Several others have been injured from the blast in the Somalian capital, which took plane in an area surrounded by government offices, hotels and restaurants.
CBC News reported that the attack targeted a hotel on the central street. A truck loaded with explosives went off at the entrance of a hotel, according to security sources. While there was no immediate claim of responsibility for Saturday's blast, al-Shabab often targets high-profile areas of Mogadishu with deadly bombings.
The blast near Zobe, a busy road intersection, may have been a suicide bomber, a police official told VOA.
Emergency services and ambulances arrived at the scene. Police expect the death toll to rise and said dozens of people were hurt.
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The graded reduction in the sale of crackers will start from November 1 onwards, the SC also said. The Supreme Court has banned the sale of firecrackers in Delhi till November 1.
David Concar, the British ambassador to Somalia, said in a Twitter post that the blast could be heard clearly from inside his country's embassy.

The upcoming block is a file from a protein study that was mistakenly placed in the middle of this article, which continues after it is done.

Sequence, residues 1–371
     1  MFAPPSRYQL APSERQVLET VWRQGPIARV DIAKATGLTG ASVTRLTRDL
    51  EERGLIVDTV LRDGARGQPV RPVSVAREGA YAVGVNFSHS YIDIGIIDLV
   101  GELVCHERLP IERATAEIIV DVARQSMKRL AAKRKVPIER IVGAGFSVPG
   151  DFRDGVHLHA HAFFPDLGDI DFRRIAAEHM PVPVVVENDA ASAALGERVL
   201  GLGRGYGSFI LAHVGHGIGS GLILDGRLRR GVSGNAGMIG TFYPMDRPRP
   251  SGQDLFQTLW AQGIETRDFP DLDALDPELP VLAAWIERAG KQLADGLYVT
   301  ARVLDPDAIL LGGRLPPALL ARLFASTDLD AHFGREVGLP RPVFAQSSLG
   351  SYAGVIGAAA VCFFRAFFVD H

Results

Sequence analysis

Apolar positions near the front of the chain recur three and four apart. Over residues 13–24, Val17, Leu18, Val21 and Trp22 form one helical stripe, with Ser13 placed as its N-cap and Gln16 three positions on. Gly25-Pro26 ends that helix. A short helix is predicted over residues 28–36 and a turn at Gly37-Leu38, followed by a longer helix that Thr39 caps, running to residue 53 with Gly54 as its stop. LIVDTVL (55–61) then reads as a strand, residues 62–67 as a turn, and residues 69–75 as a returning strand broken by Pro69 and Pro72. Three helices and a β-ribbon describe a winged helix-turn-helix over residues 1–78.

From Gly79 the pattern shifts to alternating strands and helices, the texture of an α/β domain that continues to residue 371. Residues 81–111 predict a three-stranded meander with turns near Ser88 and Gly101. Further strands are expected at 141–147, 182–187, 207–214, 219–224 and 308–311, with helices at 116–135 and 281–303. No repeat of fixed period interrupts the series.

A second attack has also been reported in the Madina district. "I could see smoke from my back and the whole place was shaking", said Hamdi, adding that "We learn the police had been trailing the vehicle with explosives".
The country's defense minister and army chief resigned earlier in the week. The militants emerged out of a bitter insurgency fighting Ethiopia, whose troops entered Somalia in a US-backed invasion in 2006 to topple the Islamic Courts Union that was then controlling Mogadishu.
Somalis gather and search for survivors by destroyed buildings at the scene of a blast in the capital Mogadishu, Somalia, Saturday, Oct. 14, 2017.